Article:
Pistorius wanted to use the firearm, he said.
"He's not a victim," he said of the athlete. "He cannot be a victim -- he caused it."
The victims in the case are Steenkamp and her parents, who had to receive a phone call with the news any parent would dread, he said.
Says correctional supervision not appropriate
Nel told the court that the sentence of correctional supervision -- as suggested by the defense -- is not appropriate in this case.
He said it would not be fair if Pistorius were to live in a luxurious house, get to run track, go to the doctor and then do two days a month of community service. This would be shockingly disproportionate to the crime, he said.
He read from case law that said society might lose its trust in the system if a lenient sentence is given.
And he accused the defense of "only paying lip service" to the gravity of the offense in asking for correctional supervision.
If Pistorius had not acted as he did, Steenkamp would be alive today, he said.
Pistorius did not have railings in his shower at home, Nel said, as he rejected defense arguments that the accused could not be accommodated properly in prison. He suggested that Pistorius was using his disability "on call."
Nel also dismissed Pistorius' offers of financial aid to Steenkamp's family. June Steenkamp referred to that money as "blood money," he reminded the court.
The court this week heard that the athlete had offered the money to Steenkamp's parents, but they had decided to reject it. They will also pay back a monthly payment he had been making to them.
Nel also suggested that any appeal for mercy by Pistorius was undeserved.
The interests of the victims far outweigh the personal circumstances of the accused, he said, as he scoffed at the fact that Pistorius could have made millions were it not for the shooting.
'He's lost everything'
By contrast, in his final arguments, Roux presented a picture of a "broken man" who has already suffered enough.
Roux said Pistorius should never have been accused of premeditated murder, a charge of which he was cleared at trial.
After the charge, Pistorius was subjected to a trial by media, he said. Roux also argued that he should not have been shown that gruesome picture of the woman he loved while in court.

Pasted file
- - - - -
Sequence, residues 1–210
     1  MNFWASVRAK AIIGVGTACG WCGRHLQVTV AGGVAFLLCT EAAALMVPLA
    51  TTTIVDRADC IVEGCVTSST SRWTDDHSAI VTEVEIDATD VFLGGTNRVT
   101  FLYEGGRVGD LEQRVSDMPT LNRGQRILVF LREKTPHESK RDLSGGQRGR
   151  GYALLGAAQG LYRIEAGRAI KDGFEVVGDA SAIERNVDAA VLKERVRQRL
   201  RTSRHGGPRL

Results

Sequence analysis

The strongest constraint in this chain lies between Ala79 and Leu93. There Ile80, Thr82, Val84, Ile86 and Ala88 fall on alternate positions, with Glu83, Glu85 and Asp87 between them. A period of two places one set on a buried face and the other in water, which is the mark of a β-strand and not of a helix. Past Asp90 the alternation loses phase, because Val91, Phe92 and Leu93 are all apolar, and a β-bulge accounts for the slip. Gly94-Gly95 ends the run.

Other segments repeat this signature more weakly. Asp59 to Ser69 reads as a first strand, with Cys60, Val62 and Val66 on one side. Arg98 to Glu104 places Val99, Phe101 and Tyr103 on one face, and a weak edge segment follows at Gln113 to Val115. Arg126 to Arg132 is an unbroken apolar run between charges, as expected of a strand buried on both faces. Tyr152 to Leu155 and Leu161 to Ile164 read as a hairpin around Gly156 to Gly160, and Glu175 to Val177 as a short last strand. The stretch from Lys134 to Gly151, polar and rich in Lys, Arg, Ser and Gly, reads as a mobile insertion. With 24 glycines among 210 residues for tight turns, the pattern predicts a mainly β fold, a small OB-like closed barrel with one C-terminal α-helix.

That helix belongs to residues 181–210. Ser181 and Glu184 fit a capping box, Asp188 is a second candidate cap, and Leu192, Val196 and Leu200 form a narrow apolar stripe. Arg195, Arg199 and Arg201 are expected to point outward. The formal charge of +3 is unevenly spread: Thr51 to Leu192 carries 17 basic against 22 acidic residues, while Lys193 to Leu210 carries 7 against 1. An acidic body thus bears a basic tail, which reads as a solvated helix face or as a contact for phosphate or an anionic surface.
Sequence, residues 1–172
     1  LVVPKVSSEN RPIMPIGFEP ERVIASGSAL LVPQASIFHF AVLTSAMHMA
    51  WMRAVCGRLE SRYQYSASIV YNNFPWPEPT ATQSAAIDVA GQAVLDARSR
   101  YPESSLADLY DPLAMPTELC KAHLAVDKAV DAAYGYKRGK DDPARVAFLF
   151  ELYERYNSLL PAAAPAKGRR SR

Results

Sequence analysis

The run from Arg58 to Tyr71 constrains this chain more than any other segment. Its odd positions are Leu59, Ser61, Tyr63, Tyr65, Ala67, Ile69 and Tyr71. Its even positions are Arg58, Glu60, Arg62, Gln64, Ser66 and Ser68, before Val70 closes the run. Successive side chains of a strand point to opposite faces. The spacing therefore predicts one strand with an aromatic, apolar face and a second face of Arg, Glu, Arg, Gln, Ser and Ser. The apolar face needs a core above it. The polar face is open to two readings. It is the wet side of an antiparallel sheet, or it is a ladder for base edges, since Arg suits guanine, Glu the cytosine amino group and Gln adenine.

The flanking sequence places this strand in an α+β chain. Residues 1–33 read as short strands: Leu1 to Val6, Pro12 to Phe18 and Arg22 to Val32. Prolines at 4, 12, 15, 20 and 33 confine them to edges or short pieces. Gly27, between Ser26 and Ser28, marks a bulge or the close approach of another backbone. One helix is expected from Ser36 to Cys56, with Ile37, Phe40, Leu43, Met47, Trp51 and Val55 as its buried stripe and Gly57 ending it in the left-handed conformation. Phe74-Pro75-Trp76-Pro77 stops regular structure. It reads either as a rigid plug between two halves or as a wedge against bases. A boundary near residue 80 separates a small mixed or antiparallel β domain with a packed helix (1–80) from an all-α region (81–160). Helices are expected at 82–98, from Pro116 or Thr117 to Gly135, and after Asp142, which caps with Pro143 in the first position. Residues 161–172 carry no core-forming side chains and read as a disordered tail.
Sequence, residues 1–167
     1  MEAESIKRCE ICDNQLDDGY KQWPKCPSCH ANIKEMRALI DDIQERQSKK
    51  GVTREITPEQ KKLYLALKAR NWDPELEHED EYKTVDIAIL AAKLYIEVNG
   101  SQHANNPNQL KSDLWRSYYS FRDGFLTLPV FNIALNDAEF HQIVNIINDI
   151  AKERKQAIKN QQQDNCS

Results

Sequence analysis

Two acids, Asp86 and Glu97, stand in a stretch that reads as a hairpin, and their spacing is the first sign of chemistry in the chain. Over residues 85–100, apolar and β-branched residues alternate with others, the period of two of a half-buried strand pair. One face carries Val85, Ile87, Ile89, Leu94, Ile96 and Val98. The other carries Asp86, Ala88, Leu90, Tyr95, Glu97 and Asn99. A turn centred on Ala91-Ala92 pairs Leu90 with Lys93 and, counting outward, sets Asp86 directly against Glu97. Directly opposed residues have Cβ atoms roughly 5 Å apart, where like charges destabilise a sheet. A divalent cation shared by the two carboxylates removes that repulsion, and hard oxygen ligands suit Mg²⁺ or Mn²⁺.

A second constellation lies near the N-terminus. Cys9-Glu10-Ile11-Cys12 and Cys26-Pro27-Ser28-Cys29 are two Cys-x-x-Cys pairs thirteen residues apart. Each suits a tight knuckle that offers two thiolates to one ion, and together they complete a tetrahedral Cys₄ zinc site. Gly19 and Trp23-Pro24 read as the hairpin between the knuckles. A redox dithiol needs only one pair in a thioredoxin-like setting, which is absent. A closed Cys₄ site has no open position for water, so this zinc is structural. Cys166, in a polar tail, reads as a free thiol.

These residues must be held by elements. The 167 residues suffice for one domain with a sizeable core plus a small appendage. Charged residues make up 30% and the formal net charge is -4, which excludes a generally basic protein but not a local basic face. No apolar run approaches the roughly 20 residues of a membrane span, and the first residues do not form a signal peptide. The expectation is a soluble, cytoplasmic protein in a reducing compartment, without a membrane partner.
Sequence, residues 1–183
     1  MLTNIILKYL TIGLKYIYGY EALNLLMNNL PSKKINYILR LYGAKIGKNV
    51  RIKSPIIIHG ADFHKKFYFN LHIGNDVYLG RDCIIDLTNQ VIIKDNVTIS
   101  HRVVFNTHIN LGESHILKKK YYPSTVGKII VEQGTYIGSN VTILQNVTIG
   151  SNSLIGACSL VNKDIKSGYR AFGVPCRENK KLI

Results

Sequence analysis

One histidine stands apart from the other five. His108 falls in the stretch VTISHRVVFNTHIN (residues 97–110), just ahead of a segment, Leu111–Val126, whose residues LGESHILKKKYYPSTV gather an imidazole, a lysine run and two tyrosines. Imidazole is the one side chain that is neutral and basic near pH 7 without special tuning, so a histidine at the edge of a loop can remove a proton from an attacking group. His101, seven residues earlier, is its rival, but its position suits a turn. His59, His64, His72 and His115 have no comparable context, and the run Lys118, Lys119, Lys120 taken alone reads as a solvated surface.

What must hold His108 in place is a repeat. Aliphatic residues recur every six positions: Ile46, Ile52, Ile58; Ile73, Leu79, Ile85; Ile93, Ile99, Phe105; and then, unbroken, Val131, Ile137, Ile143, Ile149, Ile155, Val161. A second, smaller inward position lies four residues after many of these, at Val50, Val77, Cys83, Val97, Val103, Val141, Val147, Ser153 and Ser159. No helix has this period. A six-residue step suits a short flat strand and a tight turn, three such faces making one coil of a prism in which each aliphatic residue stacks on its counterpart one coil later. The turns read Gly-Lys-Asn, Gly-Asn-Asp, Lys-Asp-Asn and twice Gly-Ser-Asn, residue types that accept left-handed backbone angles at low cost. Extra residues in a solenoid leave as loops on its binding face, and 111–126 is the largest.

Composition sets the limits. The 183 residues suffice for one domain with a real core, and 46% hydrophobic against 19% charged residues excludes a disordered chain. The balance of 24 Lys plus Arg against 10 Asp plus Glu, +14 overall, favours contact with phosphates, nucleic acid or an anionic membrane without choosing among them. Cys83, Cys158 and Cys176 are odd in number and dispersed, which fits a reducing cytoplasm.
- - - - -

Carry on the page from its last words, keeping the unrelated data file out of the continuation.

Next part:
"He never, ever even considered that it was Steenkamp behind that door," Roux said.
The athlete has fully accepted the court's verdict and shown remorse, he said.
"He's lost everything. He was an icon in the eyes of South Africans," Roux said. "On what he has done, what he has achieved, he was denigrated to such an extent that all that was left was a raged killer, a cold-blooded killer, a liar and everything that's horrible.
"He lost all his sponsors, he lost all his money. He has nothing, my lady. He hasn't even money to pay for legal expenses. He has nothing left."
He sold his last asset, his car, not to try to get a better sentence but to try to make good by helping the Steenkamp family, Roux said, also citing Pistorius' past charitable work.
Roux reminded the court that the Steenkamps have said they are neutral as far as sentencing is concerned and do not seek vengeance.
Roux said the testimony of Acting National Commissioner of Correctional Services Zach Modise that Pistorius' disability could be accommodated in the hospital section of a prison did not make it an appropriate place for him to be held.
Judge to decide sentence
There is no legal minimum sentence for culpable homicide in South African law, so it will be down to the judge's discretion.
A typical sentence is five to eight years. But it is a principle of South African law that the sentence should be tailored to the culprit as a whole person, as opposed to the crime. That makes predicting a sentence difficult, said Kelly Phelps, a CNN legal analyst.
The judge also found Pistorius guilty of one weapons-related charge involving a shooting at a restaurant.
The maximum penalty for that is five years behind bars. But he could get a lesser sentence, such as a fine or the loss of his gun license.